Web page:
Mike and Sheryl are an ordinary couple who fancy some time to themselves in Lake Kimbrabrow State Park in West Virginia. They park their car up and head to the Ranger’s office for advice and directions. The Ranger there recommends two paths to take and advises them to respect the land, as the locals can sometimes be not too appreciative of hikers. They set off and quickly bump into Ida, who for this type of film seems pretty normal and she recommends the path to Timber Falls. Now, this isn’t the one of the two suggested by the Ranger, but they go that way anyway, it they didn’t, we would have a very short film.
After a brief period of ‘making out’, the couple are disturbed by some hunters. Since we’re in the backwoods, the hunters are a stereotypical bunch, having moonshine in their backpack and a yearning to hassle ‘city types’. Mike soon defends his girlfriend’s honour, and one of them meets with a butt of a rifle. Running off, Mike and Sheryl head for higher ground so that they can camp for the night. Heading towards their camp ground, they are advised by Ranger Clyde – who pops out of nowhere (very dodgy!) – to go to a secluded spot by the lake. Clyde seems a very helpful chap and he is soon on his way.
During the evening, a silhouette is seen outside their tent and the next morning Sheryl goes for an early morning swim. Mike hears a scream and soon discovers that Sheryl is missing….
‘Mad Man in the Woods’ and ‘In-Breds on the Rampage’ are not exactly new inspirations for horror movies. Though some of the worst films ever are in this genre, there are some bona fide classics as well such as several Friday the 13th films, The Burning, Wrong Turn 1 and 2 and The Hills Have Eyes. Where does Timber Falls fit then?
Having never heard of the film, I thought hearing the title we would either have a horror movie or some Twin Peaks rip off. Seeing a scythe on the DVD label, I soon worked out that we were seeing some form of slasher movie. Now to a point I was right: the film is a mixed-bag of horror genres, with the recent trend of ‘torture porn’ a predominant factor. However Timber Falls is just about a reasonably entertaining horror in spite of this, with a couple of moderately original twists and turns.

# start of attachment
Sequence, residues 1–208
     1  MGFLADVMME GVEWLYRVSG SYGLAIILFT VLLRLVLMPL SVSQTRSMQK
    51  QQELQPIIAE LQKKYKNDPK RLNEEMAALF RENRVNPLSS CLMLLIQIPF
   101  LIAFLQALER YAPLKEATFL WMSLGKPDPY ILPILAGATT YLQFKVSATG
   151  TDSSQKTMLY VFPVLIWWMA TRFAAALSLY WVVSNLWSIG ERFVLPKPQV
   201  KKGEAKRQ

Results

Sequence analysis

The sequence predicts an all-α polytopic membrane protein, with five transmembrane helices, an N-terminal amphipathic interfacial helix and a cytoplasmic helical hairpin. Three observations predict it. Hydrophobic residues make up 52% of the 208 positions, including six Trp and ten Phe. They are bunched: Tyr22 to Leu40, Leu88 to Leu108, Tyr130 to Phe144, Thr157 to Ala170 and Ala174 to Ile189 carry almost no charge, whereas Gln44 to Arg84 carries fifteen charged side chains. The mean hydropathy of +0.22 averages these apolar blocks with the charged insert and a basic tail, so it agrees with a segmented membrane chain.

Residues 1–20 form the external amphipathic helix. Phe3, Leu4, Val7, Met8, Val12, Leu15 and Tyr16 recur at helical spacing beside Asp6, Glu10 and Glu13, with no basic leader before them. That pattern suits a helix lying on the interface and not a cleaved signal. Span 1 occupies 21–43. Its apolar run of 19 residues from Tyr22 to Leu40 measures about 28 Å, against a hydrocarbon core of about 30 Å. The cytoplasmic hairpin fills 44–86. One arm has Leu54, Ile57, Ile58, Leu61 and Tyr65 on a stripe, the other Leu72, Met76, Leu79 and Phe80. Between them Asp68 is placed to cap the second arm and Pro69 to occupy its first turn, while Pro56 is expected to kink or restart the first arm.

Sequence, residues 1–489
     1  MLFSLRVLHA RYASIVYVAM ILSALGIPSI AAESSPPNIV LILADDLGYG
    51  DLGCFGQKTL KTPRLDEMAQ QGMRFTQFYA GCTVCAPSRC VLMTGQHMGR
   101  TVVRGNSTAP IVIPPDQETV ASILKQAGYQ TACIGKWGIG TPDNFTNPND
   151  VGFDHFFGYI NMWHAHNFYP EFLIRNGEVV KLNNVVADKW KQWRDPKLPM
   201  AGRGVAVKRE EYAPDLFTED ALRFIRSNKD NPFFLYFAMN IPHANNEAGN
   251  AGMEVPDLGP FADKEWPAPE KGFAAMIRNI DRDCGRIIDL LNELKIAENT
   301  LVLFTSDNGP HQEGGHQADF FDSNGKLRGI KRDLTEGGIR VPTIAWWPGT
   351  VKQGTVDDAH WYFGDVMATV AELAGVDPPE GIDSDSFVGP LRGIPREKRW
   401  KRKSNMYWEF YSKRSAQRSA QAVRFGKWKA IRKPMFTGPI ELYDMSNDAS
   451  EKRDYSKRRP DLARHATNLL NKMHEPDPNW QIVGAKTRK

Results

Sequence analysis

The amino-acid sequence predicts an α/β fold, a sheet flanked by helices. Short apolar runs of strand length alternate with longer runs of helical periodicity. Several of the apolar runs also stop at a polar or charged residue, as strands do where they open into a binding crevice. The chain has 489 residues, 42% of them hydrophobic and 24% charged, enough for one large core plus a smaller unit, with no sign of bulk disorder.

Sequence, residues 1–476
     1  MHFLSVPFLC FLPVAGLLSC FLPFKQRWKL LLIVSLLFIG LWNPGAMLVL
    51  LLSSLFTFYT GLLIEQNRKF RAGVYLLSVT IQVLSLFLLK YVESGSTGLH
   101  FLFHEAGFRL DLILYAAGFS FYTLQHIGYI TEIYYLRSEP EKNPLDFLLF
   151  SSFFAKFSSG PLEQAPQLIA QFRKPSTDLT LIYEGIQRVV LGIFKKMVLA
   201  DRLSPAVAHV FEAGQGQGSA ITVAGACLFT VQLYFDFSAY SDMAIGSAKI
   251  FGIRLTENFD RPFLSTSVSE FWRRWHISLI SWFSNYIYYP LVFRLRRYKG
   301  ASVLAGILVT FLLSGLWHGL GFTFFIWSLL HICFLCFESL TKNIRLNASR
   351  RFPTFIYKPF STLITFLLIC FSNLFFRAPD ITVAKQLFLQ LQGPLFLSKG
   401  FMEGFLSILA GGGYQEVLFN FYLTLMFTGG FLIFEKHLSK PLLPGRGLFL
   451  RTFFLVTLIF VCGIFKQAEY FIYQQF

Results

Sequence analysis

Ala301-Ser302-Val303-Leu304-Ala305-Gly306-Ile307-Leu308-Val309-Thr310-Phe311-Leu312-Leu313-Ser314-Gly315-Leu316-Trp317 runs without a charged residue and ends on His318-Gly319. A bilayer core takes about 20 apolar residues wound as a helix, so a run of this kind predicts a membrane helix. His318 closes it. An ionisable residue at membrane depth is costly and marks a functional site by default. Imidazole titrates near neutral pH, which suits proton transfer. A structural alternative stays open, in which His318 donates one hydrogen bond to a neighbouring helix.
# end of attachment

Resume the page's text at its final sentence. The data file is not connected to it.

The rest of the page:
Director Tony Giglio certainly makes a departure from his previous film, CHAOS (with Jason Statham and Ryan Phillippe), and uses the American backwoods to his full advantage with good widescreen camera movement and beautiful scenery. However we are not watching a National Geographic programme but a horror film, and Giglio certainly can crank up the tension when he wants to. The gore is not excessive but used well, and the torture scenes are suitably unpleasant whilst not being gratuitous or outrageous. Brown and Randall aren’t bad as the two leads, but the film is stolen by chief villains Clyde and Ida, played by Nick Searcy and Beth Broderick. Clyde and Ida seem like a normal couple but harbour a horrible secret which – though predictable – is played out well.
Timber Falls is fairly entertaining, but forgettable. It does tick all the boxes for a low-budget horror movie – blood, nudity, likeable leads, great villains….but is just a bit empty, and this kind of movie we have all seen before. Nice ending though.
Quite a mixed bunch of special features for this film. Two commentaries, a ‘making of’ featurette, UK and US trailers, a TV spot and some nice stills and artwork. The ‘making of’ runs for 40 minutes and is a good example of how to do these. Good interviews and behind the scenes footage and not the usual EPK junk with everyone telling everyone how much they love them. That makes a nice change.